The Real McCoy and the Forgotten (Sacrificial) Lambs

I continue to round up my Timelash II stuff with these bits ‘n’ bobs about the McCoy years.  There will eventually be separate posts on some of the ‘big hitters’ left out below.

Paradise Towers

Very Whoish ideas. Lots of clever use of language, from the street names to the slang which incorporates degenerated formal rules, to the Caretaker lingo full of subsections and codes, etc. 

It suffers from ‘Mysterious Planet’ disease in that the production looks good but nothing looks right.

Mel’s apparently monomaniacal fixation upon the swimming pool is decidedly odd.  But, if you approach this as children’s television (which is clearly what it thinks it is) then you can enjoy it as a surprisingly sophisticated story about social entropy.

Brings to mind Le Corbusier and his notion of houses as “machines for living in”… which always had a tinge of the authoritarian about it, amidst all the utopianism of early 20th century modernism (which also always had a hidden inner core of mysticism beneath all the pseudo-rational stright lines, etc). The insistence upon a buried notion of virtue (you had to be a certain kind of healthy, high-minded, thin, modern-minded, puritanical person to live in a gleaming white box with glass walls) leads to a kind of disillusion, a bit like the contempt felt by Kroagnon. The modernists (Mies, for example) got chased out by their shadowy reflections in the utopian, mystical, ‘modern’, puritanical Nazi party and ended up creating gigantic monuments to corporate capitalism in Chicago. The cleaners seem to represent the intersection of these ideas, rounding up the “human garbage”, the unwanted elements, the uncontrolled human detritus that ruins the idealistic/totalitarian perfection embodied in the architecture.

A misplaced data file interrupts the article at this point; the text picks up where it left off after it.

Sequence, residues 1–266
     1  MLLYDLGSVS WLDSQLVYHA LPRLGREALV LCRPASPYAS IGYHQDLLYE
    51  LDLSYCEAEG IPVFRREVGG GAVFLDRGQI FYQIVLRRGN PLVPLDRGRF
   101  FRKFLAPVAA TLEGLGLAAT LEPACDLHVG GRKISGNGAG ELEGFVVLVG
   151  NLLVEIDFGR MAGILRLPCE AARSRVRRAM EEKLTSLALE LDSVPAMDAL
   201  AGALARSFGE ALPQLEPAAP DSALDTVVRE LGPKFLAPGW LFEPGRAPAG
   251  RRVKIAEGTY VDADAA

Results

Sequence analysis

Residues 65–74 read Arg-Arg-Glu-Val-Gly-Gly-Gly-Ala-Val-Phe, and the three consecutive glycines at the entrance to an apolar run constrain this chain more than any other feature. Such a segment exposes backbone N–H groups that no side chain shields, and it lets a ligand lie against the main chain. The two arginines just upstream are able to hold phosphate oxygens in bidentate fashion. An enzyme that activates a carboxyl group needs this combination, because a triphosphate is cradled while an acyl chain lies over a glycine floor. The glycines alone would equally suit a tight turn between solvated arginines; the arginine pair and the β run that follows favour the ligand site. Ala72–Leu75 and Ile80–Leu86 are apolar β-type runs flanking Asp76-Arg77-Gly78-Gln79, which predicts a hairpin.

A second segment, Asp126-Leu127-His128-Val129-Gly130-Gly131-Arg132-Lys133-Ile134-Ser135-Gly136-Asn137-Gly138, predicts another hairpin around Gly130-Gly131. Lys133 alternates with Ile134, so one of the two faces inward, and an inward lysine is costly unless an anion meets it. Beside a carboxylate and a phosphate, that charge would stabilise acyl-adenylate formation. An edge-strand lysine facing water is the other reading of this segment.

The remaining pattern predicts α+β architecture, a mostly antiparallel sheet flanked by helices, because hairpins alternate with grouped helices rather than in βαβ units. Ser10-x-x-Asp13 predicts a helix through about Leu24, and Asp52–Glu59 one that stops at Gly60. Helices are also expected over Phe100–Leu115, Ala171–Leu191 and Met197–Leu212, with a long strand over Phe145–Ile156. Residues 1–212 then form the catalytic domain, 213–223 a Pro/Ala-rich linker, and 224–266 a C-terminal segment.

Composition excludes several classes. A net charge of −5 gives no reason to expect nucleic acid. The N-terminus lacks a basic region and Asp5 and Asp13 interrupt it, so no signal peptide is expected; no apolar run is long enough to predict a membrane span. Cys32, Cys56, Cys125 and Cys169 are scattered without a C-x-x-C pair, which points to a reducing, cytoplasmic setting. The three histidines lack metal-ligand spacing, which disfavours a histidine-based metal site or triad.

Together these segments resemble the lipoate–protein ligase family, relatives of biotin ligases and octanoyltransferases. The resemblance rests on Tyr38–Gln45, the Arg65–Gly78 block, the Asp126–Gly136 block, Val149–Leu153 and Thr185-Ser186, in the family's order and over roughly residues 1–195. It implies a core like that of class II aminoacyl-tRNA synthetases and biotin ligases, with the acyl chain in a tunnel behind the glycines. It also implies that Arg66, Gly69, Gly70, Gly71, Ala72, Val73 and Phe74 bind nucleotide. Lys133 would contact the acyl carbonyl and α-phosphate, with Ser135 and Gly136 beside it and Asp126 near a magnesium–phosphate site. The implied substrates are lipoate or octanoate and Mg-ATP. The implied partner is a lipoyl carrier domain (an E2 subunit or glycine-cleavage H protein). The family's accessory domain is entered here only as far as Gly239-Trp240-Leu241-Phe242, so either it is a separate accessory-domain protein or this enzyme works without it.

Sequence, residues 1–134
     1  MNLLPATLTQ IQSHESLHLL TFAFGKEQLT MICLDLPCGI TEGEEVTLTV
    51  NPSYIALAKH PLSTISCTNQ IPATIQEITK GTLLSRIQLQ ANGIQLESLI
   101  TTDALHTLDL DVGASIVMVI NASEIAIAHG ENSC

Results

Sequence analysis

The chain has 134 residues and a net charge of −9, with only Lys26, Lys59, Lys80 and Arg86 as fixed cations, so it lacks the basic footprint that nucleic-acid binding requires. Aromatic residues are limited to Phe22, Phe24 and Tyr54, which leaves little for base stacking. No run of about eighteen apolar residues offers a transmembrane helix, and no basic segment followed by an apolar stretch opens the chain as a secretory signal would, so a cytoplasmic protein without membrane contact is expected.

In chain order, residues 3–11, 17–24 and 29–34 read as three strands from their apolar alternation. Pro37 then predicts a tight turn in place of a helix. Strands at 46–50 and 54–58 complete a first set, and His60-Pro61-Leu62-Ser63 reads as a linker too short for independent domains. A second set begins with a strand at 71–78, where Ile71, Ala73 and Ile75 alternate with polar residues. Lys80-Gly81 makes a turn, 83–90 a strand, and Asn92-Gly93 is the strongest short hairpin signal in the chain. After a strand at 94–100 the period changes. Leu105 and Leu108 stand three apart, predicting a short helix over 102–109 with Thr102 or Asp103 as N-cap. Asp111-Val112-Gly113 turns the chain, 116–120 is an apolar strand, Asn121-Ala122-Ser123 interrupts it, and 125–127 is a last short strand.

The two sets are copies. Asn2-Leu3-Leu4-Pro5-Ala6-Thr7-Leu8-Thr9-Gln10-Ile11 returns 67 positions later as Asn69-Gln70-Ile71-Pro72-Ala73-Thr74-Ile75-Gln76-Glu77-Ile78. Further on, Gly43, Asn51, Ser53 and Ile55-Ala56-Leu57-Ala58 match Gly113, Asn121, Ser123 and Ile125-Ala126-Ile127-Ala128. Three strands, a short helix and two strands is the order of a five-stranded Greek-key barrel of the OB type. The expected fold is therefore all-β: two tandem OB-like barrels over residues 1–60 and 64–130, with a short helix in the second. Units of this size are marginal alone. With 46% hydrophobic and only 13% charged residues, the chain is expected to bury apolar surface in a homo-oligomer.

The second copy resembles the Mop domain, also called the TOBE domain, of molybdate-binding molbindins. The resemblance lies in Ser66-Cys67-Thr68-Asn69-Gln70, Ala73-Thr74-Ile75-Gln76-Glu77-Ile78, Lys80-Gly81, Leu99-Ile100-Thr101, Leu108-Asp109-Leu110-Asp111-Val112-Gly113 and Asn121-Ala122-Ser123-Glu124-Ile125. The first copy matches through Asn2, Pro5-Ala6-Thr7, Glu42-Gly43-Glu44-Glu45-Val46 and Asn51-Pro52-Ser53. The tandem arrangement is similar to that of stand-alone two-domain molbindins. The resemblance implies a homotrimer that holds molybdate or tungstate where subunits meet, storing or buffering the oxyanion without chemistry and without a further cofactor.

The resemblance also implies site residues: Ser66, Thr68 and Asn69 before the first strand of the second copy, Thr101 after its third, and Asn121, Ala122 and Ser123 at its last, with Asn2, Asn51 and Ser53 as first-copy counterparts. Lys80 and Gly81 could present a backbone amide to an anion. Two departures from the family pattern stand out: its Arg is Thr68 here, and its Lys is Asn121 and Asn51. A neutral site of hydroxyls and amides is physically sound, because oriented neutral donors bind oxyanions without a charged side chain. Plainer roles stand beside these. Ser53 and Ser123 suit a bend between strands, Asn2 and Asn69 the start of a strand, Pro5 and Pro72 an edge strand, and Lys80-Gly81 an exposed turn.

I don’t like the ending, with all the antagonistic social groups suddenly realising they don’t hate each other after all and making friends.  Even the Daily Maily Rezzies turn out to be mostly nice, with only two of them being murdering cannibals.

Delta and the Bannermen

Dispiriting. So ill judged, so clashing that you can’t even laugh at it.

Loud, multi-coloured, sequin-covered, self-consciously zany, folksy and naff… yet there is something melancholic, even quietly apocalyptic about watching this.

You are watching Doctor Who die. The show that gave us ‘Genesis of the Daleks’ is dying. In a puddle of Diet Coke. It’s like watching George Orwell being kicked to death by Mr Blobby and the Krankies.

This taste malfunction carries over into the heart of the story itself. It’s a story about genocidal racism… set in a holiday camp and starring light entertainers. It’s like the Eichmann trial being held in Toys R Us. It’s like a bright green water pistol filled with orphans’ tears. It’s like being murdered by being force-fed party balloons.

My god, it hurts.

The Happiness Patrol

I just love this story. Last time I put it on, I spent the whole 75 minutes giggling, grinning, cheering and clapping like a loon.

This is a liberal attack on Thatcherism as a psycho-cultural style… but it also notices that Thatcherism’s rhetoric about personal liberty was pure hypocrisy.…

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